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Buzzfeed Teen Ambassadors Brought 2020 News to Youth

This is part of our Rep Us Practitioner Series, in which partners in this field share their experiences running programs in which young people's voices inform public conversations.

By Mareena Emran, 2020 BuzzFeed News Teen Ambassador

My name is Mareena Emran, and I was a Teen Ambassador representing BuzzFeed News for the 2020 U.S. Presidential Election. I am a 20-year-old Pakistani American content creator from Houston, Texas.

The Teen Ambassadorship program was developed in collaboration with the New York and Los Angeles BuzzFeed headquarters. Our work with the publication amplified diverse, Gen-Z voices within the political sphere of our nation, something that I believe made a significant impact among our generation through the use of short form content. Not only were we able to make the election process more easily understandable, but we were able to do it in a way that was fun for us and our editors. Since young voter turnout has historically been lower compared to older generations, BuzzFeed’s goal was to use the power of teen voices to encourage young voters to go to the polls. Although the publication was met with criticism for introducing the Teen Ambassadorship program, it took a huge leap with us, proving that the only way to appeal to young voters is to collaborate with them.

Young, diverse and politically active voices are absolutely important in the media for the reason that we lack representation of that exact demographic. Media publications need to evolve to stay relevant to their audience, and the way this can be achieved is through programs such as the teen ambassadorship. Gen Z is widely accepted, and it shows even through the past race that when young voters educate themselves and become more politically active, the outcome is a reflection of their contributions. TikTok is a space to have fun, educate and engage without the obligation of having millions of followers to do so. BuzzFeed could’ve easily given their platform to bigger influencers than me and the two other teens I worked closely with, but instead, opted to give their platform to teens who were passionate about learning politics through a new lens.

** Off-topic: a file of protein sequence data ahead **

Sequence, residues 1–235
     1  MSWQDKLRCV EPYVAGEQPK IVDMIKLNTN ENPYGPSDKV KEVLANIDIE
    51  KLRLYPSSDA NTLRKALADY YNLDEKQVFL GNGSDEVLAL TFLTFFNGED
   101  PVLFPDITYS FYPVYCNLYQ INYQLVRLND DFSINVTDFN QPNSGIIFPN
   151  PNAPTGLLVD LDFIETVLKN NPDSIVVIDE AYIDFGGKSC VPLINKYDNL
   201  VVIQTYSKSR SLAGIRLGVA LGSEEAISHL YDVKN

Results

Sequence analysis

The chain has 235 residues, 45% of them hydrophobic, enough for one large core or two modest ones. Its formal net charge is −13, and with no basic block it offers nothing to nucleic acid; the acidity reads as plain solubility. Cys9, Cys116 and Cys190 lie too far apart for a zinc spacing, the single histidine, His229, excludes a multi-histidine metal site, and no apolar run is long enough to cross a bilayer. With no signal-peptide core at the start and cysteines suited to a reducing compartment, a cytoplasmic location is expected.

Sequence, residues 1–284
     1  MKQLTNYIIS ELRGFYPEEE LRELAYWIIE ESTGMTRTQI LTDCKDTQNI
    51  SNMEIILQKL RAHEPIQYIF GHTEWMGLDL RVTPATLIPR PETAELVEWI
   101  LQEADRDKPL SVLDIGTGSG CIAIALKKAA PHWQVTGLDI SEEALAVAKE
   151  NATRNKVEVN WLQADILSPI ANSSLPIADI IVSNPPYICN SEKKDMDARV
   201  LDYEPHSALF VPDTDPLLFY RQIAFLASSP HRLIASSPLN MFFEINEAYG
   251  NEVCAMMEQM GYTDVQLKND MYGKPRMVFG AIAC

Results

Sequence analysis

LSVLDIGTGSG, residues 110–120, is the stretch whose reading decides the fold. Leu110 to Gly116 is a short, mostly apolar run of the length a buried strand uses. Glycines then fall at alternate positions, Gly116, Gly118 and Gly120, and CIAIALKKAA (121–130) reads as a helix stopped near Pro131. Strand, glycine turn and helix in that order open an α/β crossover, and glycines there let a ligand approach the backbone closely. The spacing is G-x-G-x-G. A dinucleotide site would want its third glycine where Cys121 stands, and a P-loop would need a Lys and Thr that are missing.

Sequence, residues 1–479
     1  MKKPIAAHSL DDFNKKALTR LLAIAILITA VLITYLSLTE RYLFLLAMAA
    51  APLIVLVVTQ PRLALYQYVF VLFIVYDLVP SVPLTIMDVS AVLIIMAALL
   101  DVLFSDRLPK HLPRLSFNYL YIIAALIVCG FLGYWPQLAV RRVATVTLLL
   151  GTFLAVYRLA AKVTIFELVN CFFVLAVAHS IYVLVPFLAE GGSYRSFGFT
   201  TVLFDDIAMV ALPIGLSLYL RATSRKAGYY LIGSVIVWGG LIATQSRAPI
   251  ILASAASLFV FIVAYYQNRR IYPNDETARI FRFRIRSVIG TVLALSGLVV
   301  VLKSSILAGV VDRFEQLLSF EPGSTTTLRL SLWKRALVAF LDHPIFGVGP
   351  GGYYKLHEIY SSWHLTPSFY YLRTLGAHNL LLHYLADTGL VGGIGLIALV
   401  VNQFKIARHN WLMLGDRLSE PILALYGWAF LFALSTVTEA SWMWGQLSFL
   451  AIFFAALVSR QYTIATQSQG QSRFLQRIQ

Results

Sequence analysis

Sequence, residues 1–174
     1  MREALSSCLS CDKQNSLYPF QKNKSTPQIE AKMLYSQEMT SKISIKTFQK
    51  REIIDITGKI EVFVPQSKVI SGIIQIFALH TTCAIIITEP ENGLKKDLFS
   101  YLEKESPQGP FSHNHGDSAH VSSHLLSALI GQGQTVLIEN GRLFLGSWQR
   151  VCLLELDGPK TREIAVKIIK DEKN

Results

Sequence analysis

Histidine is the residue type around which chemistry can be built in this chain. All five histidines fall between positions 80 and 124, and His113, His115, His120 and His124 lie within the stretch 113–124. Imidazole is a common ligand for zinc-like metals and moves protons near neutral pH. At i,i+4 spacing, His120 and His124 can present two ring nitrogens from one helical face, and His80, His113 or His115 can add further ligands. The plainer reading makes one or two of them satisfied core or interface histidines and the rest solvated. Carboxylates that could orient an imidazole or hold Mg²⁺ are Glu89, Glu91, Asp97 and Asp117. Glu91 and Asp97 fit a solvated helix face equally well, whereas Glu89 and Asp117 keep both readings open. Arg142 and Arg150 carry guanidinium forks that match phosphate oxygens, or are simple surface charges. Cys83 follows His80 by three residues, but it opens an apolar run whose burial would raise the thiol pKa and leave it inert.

The Teen Ambassadorship lasted six months. I worked closely with professional journalists all throughout that time period, learning how to properly report on politics in a way that was unique to my audience. I adapted the traditional format of journalism and made it more consumable for a younger audience through short-form video. TikTok is usually seen as a silly, more recreational platform, but as Teen Ambassadors we were challenged to take short-form to the next level by combining our newfound knowledge of political reporting with trends. We brainstormed new, relevant topics to tackle every week. Whether it was something coronavirus related or a candidate dropping from the presidential race we took headlining news and put a twist on it to appeal to voters around the ages of 18-25.

We used our best judgement of trending audios and topics of concern from the Gen Z audience and turned it into content that was easily digestible to all audiences. It was also important that we touched on topics that we felt were underrepresented in the media, as we had more power as teen creators to utilize a platform to educate our peers. The content was posted and promoted over the @buzzfeednews accounts on TikTok, IGTV, and Instagram Reels. This helped BuzzFeed News amass roughly 3,000 new followers on their TikTok account, and in turn, helped me grow about 2,000 followers on my own account.